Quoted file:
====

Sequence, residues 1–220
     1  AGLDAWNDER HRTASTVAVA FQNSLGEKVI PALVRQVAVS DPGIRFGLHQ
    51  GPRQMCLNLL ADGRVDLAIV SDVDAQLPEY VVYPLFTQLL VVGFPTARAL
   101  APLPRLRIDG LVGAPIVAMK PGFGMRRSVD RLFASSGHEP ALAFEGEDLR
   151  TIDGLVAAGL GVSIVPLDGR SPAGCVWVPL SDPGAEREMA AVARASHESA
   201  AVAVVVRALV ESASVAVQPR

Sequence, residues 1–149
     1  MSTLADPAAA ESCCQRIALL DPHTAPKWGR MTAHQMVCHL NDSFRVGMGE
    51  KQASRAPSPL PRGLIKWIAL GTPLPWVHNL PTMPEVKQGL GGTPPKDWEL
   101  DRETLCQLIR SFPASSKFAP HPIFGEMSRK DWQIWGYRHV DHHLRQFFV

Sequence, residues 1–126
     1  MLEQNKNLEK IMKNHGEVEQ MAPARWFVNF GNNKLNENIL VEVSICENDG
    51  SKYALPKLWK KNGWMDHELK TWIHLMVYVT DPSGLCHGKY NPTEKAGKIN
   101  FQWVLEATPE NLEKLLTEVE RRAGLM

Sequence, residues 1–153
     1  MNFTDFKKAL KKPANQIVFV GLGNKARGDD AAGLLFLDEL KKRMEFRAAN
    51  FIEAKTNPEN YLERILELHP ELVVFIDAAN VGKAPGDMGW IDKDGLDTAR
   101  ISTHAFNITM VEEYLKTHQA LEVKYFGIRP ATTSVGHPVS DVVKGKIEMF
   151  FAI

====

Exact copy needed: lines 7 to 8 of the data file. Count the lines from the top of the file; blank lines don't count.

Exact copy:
Sequence, residues 1–149
     1  MSTLADPAAA ESCCQRIALL DPHTAPKWGR MTAHQMVCHL NDSFRVGMGE